Miiro, G., DeCelles, J., Rutakumwa, R., et al. PLOS ONE (October 2017), 12 (10), doi:e0185929.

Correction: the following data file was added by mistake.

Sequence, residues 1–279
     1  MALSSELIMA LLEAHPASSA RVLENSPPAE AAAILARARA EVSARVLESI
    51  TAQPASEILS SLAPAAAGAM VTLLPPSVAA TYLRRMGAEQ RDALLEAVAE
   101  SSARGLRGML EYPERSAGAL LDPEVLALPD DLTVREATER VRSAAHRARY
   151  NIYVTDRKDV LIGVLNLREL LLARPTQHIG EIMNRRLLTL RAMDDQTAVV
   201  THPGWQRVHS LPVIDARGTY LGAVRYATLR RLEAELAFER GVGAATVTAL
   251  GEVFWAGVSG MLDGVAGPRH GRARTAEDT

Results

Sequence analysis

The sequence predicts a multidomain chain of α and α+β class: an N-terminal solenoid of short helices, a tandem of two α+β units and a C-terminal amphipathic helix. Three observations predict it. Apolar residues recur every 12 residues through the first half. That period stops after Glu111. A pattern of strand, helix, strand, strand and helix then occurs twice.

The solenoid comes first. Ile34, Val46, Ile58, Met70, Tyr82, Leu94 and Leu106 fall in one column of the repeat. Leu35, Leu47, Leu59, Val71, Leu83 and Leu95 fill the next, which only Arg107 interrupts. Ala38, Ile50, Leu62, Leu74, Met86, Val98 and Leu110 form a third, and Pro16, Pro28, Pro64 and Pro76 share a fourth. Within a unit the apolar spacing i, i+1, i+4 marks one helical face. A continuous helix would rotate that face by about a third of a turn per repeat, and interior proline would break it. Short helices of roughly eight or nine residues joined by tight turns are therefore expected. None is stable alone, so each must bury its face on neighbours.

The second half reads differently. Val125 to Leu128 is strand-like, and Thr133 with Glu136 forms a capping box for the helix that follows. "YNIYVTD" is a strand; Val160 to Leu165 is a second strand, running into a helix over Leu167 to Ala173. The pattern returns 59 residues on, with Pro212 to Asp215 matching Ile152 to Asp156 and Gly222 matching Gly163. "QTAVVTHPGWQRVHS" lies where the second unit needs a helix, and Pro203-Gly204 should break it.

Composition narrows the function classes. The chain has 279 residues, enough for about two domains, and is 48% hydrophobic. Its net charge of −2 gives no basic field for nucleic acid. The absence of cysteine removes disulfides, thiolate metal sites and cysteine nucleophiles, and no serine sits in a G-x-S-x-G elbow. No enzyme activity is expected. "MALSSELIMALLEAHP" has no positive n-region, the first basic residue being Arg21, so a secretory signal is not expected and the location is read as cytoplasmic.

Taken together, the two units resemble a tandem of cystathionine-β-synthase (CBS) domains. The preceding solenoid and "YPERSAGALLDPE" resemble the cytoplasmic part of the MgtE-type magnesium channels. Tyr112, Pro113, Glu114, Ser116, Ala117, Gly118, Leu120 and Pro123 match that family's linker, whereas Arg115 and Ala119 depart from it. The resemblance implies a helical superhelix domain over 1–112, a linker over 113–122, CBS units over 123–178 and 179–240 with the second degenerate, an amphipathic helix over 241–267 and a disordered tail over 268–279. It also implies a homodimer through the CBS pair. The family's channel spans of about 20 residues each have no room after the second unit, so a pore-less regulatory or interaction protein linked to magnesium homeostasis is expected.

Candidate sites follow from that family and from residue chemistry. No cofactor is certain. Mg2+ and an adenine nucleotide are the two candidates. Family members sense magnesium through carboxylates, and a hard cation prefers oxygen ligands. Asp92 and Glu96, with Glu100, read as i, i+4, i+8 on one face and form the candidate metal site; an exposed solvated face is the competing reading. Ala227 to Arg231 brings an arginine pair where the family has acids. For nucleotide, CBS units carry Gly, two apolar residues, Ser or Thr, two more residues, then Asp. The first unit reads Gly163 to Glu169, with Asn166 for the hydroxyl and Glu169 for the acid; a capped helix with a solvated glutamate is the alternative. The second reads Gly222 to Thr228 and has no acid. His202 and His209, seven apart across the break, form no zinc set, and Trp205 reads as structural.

This study examined the feasibility of a soccer program to impart voluntary medical male circumcision (VMMC) messages to school-aged boys in Uganda. The authors used surveys and in-depth interviews to examine knowledge and attitudes about VMMC. The pilot intervention included a coach who shared stories about his decision to become circumcised and the protective benefits of VMMC. Coaches also accompanied boys who chose VMMC to the procedure. Among the 58 boys exposed to the first intervention, 41 percent reported interest in VMMC, and 10 percent had a circumcision. Challenges included difficulty receiving parental consent, low attendance (since the program was only available after school), and timing, because most boys preferred to undergo VMMC during school holidays. Based on these findings, coaches made home visits to educate parents, and made arrangements to implement the intervention during school hours and just before the holidays. Following the adapted program intervention, 55 percent expressed interest in VMMC and 23 percent had a circumcision. Qualitative results demonstrated that although the attitudes of family and friends toward VMMC were important, coaches strongly influenced the decision to be circumcised. Reasons for circumcision included improved hygiene and reduced HIV risk. Fear was the principal deterrent. The authors concluded that the adapted intervention is time-intensive, but may significantly influence uptake of VMMC.